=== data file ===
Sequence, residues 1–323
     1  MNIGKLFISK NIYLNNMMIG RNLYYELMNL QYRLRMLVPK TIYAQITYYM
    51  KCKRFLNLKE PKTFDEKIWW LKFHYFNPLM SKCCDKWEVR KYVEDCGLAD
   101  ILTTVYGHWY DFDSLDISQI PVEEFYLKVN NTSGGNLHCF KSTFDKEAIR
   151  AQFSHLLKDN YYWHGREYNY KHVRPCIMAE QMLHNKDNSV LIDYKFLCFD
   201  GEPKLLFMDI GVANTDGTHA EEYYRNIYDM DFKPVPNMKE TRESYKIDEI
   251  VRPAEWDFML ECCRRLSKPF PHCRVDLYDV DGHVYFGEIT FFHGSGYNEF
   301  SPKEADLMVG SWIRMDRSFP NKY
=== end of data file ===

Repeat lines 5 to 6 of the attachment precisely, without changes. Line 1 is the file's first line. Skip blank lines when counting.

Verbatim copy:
   151  AQFSHLLKDN YYWHGREYNY KHVRPCIMAE QMLHNKDNSV LIDYKFLCFD
   201  GEPKLLFMDI GVANTDGTHA EEYYRNIYDM DFKPVPNMKE TRESYKIDEI